With a few simple changes (USB-C Mass Storage, RAW Support in the Files app, and more Pro “Desktop Level” Apps from the likes of Adobe, Capture One, etc) all of which could potentially come at a software level without the need of additional hardware.
For day to day web surfing, email, notes, and other media consumption I love what has come from this latest generation of iPad. This makes me excited for what is to come with lower-spec devices that I would likely use more frequently.
I was at a meeting today and loved using the iPad to take notes on, and I loved being able to quickly surf the Web and find info I needed. I really want to have this device in my life, but unfortunately…I’m probably going to return it.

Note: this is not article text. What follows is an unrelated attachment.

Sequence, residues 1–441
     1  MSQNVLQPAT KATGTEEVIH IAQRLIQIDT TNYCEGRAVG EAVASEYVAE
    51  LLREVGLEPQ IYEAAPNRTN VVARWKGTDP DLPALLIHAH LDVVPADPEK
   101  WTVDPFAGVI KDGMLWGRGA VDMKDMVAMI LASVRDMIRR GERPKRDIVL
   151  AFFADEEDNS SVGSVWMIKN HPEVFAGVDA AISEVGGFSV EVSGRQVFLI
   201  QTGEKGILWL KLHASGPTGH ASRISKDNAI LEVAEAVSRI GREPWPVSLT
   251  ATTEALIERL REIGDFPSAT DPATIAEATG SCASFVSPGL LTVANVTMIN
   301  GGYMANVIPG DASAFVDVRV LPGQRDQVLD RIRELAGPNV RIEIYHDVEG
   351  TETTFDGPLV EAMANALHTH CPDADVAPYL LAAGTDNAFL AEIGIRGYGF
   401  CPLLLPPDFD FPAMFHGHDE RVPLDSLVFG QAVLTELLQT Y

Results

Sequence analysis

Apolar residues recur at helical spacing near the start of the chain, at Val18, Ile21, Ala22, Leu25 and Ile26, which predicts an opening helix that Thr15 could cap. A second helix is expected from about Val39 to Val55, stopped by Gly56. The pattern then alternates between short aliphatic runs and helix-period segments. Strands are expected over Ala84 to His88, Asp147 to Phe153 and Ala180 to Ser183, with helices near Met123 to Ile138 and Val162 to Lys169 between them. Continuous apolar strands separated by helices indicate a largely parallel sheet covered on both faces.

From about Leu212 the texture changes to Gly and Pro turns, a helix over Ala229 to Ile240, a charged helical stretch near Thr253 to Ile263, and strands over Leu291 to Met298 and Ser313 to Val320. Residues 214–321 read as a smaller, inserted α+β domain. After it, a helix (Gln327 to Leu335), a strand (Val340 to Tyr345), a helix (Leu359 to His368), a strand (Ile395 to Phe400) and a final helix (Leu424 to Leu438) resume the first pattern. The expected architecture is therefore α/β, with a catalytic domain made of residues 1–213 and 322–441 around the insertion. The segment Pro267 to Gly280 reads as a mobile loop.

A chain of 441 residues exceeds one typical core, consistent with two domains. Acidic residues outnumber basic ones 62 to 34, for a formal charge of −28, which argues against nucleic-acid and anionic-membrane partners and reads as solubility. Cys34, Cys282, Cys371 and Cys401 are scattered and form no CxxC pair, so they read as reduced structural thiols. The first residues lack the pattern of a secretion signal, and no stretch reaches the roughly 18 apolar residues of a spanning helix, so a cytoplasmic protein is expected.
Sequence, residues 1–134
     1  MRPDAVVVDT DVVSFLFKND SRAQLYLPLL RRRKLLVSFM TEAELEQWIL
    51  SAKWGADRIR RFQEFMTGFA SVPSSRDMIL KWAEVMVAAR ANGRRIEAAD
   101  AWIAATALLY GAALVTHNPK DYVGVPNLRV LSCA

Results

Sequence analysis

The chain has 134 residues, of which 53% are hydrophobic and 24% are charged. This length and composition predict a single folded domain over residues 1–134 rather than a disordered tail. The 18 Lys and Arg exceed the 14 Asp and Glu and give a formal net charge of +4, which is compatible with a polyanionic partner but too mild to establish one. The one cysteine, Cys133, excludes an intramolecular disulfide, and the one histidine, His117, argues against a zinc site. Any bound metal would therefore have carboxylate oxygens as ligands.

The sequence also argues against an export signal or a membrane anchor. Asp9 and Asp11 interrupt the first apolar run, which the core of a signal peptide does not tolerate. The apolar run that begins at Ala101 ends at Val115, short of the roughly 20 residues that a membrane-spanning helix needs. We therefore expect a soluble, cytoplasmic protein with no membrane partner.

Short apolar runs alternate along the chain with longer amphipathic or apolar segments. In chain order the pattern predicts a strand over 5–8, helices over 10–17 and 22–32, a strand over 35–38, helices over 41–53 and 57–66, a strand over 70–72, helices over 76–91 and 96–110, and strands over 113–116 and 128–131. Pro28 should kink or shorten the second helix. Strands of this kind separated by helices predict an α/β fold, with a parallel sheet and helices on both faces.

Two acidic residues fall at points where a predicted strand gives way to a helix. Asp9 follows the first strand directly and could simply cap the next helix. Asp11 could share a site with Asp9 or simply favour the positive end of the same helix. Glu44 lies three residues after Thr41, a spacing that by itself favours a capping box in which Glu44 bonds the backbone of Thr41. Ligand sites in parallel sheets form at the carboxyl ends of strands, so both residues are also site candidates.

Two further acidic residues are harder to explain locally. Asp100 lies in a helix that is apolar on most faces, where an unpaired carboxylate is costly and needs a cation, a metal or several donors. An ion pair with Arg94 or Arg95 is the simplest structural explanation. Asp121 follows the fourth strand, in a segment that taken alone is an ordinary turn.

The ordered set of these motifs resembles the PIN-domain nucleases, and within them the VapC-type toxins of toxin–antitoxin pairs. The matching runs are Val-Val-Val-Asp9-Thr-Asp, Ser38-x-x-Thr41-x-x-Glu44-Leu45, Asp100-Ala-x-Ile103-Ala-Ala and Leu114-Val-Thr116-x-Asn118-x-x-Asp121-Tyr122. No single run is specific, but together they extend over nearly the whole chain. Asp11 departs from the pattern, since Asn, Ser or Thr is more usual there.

I’m going to give it through the weekend to grow on me a little more, maybe do some more playing around to see if I can better fit things into my life. But at this moment right now, I just can’t justify paying $1,200 for something that I can already do (arguably better) on my already-paid-for MacBook Pro. Thankfully Apple has a 14-day return period, because I would hate to have to try and re-sell this on the open market.
Maybe I’ll just wait a while and snatch up one of these once they hit the Refurbished section of the Apple store, or maybe grab one of last year’s models at a killer deal.
Or there is always next year’s model…
About the author: Blake Griffin is a photographer based in Atlanta, Georgia. The opinions expressed in this article are solely those of the author. Griffin runs UNEXPhotography and has his Bachelors of Arts with a concentration in film and photography, from Montana State University – Bozeman. You can find more of his work on his website, Facebook, Twitter, and Instagram. This article was also published here.